Things to do  |  15 Jun 2020

Get ready for Matariki to take a starring role in mid-winter family events around Christchurch.

Matariki is the Māori name for the cluster of stars also known as the Pleiades. It disappears for about 28 days during mid-winter and when it reappears on the horizon – this year from 13 to 16 July - the Māori New Year begins.

Matariki is a time for whānau and friends to come together to reflect on the past year, remember those who have passed away, and prepare for the seasons ahead.

Christchurch’s annual children’s festival KidsFest, held in the winter school holidays from Saturday 4 July until Sunday 19 July, has several Matariki-themed events this year.

Christchurch City Council Manager of Events and Arts Lucy Blackmore says Māori New Year is becoming more widely celebrated each year and it's a great fit with KidsFest.

"We're all about families having fun and learning together so having some Matariki events in our line-up is wonderful and a great way to teach children about the importance of reflecting, celebrating together and moving forward."  

Guided lantern-lit KidsFest Matariki Night Walks beside the Styx River on Saturday 11 July and Saturday 18 July are fully booked but families can join a Nightlife Lantern Walk through Pūtaringamotu/Riccarton Bush and discover some of the wildlife that only comes out at night. The self-guided trail runs every evening of KidsFest between 5.30pm and 7.30pm and a trail guide will be available to print off from 4 July from KidsFest in Parks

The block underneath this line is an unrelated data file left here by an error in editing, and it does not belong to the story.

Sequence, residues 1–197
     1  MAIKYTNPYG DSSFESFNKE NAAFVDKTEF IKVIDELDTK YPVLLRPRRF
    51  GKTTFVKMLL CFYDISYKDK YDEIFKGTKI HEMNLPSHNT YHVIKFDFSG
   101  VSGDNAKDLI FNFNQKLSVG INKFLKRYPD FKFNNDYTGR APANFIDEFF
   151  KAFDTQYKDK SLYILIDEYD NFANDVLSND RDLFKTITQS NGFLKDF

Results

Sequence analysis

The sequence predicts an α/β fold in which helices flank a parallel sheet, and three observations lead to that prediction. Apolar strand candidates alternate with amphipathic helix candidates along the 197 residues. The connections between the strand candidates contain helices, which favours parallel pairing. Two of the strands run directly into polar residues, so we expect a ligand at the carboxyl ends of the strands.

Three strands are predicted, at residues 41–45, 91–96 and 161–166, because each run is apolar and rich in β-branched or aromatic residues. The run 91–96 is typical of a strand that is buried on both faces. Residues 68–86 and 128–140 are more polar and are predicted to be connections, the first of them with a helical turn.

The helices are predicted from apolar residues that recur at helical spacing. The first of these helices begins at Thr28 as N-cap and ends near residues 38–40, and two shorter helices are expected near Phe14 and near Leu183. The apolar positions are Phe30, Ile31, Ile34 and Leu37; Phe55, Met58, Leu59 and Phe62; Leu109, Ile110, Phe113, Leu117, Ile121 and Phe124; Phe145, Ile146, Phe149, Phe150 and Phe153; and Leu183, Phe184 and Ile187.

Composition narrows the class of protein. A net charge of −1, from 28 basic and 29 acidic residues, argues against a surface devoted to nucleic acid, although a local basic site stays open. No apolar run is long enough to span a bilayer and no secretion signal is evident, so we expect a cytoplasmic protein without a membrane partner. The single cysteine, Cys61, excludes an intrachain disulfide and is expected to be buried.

The Council’s Parks team is also hosting Matariki planting events during KidsFest, including two at the Rongoā Garden on Marshlands Rd on Sunday 12 July. They are an opportunity to join rongoā (traditional healing) practitioners as they celebrate the Māori New Year with a karakia and tree planting to symbolise new beginnings.

The dawn planting will be followed by a hui to share wishes for the year to come, and a second family-friendly planting event (an accredited Children’s University event) will be held at 10am at the same location. 

Or join neighbours, friends and Council park rangers for a Matariki planting experience at the new West Broken Run Reserve in Wigram on Friday 17 July at 10am. 

The KidsFest Matariki Discovery Trail offers free, self-guided trails for children to try at Halswell Quarry Park, Ferrymead Park, The Botanic Gardens and 303 Radcliffe Road Reserve throughout the festival.

The aim of the trail is to find each of the nine stars and there are fun facts and activities at each stage. 

Christchurch City Libraries is celebrating Te Iwa o Matariki – the nine stars of Matariki -digitally this year with weekly Matariki posts and stories, songs and craft activities on the libraries’ Facebook page.

A Matariki workshop Wananga Ao Te Mārama will be held by rongoā practitioners Maire and Aperehama Kipa on Saturday 11 July from 1.30pm to 3.30pm in the Ngā Purapura / Activity Room, Level One, Turanga Central Library. 

People can write in and describe what Matariki means to them and have it published on the Canterbury Stories digital heritage site, from 13 July onwards.

The COVID-19 lockdown and uncertainty around public gatherings meant the libraries weren’t able to plan their usual extensive programme of Matariki events and family activities this year.

A community Matariki event that is going ahead this year is Matariki in the Zone at Avebury Park in Richmond on Sunday 19 July.  From Monday 20 July to Friday 26 July Light Site lighting displays will be left in the area for people to enjoy at night time.